In love with each other till their last day, they passed away in 2000 and 2001, within three months of each other.
Image and text contributed by Umang Shah, Mumbai
This photograph was taken on the occasion of Gudi Padwa. Sitting left most is my Great Grandfather, Mr. Tulsidas K. Shah. He was born in Mangrol, Saurashtra, near Junagad district, Gujarat. He was brought up by his aunt when his parents passed away. As a teenager, he went to Bombay and started working as a peon in a cloth shop at Mangaldas market, near Princess street. He lived right above the shop. My Great grandfather was sharp & ambitious and he soon became a co-partner of the same shop. Their business was printing ‘Polka Dots‘ on cotton clothes. A style very much in demand world wide at the time. With increasing demands for textile exports during the World War II, their business boomed, they prospered and were hailed as the no. 1 in their business. We are told that his wife and children bought and wore new clothes everyday!
My grandfather tells me that his father were born with a ‘golden spoon’. However, after 2 years the downfall began. Now that the World War II had ended, they suffered huge losses in the business (It had earlier given a huge boost to the sagging textile industry of Gujarat and Maharashtra). His partners fled. But my great grandfather being an honest man, stayed on and paid all the debt by himself. But it wasn’t without problems; the strain had affected him mentally and he went back to Mangrol for some years.
In 1945, he returned to Bombay with his family and started working in the Ration shop of the Goregaon Gram Panchyat. At the time, Goregaon was not a part of Bombay, as it is now. His job was to put stamps on the Ration Cards. He was a very hardworking and principled man his whole life, adds my grandfather.
Image and Text contributed by Sunder Mirchandani
Colombo consisted of a small Sindhi Community – they were mainly traders/shopkeepers, who lived there since the 1940s. My mother, Sita Mirchandani (second from right) was a founding member and a secretary in the committee. All meetings were occasions to dress up and show off their latest saris, fashion and styles. Fourth from left stands Kamala Hirdaramani (President) – proudly displaying a then in style purse.
Image and Text contributed by Mitul Patel, Texas
This picture was taken at a fair in Surat, Gujrat. It was supposed to be only a close family photograph, however, some of our family friends’ and their families joined in and this picture was clicked. I remember it used to be one of the only places where families, who couldn’t afford a camera could get a picture taken. Most of these people you see in the Photograph, all of whom are of the last name ‘Patel’, migrated to USA and New Zealand, including my family. I was around three or four years old in the picture (top left, as a baby). Almost all of the Patels in the picture now own and run businesses like Pizza Parlours, Liquor Stores, Motels, Hotels or work in the IT industry. My parents and I too live in Rockdale, Texas, USA and run a hotel called Rockdale Inn.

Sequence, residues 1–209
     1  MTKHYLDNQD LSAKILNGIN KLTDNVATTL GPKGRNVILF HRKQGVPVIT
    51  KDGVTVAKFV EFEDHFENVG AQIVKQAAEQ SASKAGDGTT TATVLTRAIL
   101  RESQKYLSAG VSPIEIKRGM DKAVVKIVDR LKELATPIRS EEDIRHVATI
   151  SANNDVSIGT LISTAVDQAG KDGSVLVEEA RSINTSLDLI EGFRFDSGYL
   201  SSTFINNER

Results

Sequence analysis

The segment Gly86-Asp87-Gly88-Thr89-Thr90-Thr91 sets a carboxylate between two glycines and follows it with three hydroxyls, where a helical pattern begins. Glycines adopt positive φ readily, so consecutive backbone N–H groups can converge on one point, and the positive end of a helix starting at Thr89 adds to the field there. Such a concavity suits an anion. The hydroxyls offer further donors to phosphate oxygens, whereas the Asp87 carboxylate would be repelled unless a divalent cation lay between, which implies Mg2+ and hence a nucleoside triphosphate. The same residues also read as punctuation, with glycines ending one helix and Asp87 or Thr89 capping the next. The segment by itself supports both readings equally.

Image and Text Contribution by Pavitra and Usha Rao
This picture was taken with my father’s friend Mr.Hagwane and his family. The most unusual thing was that Mr. Hagwane did not speak a word of English and my father did not know a word of Marathi. They perhaps communicated in broken hindi. Mr Hagwane ran a Jeenus(grocery) shop. And that is how dad got to know him. I was around four years old. Our family is on the right side of the picture, and Mr. Hagwane’s on the left with his one daughter and two sons.
Image and text contributed by Dinesh Khanna.
My grandparents, Balwant Goindi, a Sikh and Ram Pyari, a Hindu were married in 1923. She was re-named Mohinder Kaur after her marriage . They went on to have eight daughters and two sons, one of the daughters happens to be my mother.
Balwant Goindi owned a whiskey Shop in Lahore. He was a wealthy man and owned a Rolls Royce. During Indo-Pak Partition, he and his family migrated to Simla, without any of his precious belongings; assuming he would return after the situation had calmed down, however, that never happened. After moving around, and attempting to restart his business with other Indian trader friends, they finally settled down in Karol Bagh. The area was primarily residential with a large Muslim population until the exodus of many to Pakistan and an influx of refugees from West Punjab after partition in 1947, many of whom were traders. It must have been a very sad day when he heard that his home and his shops in Lahore were burnt down.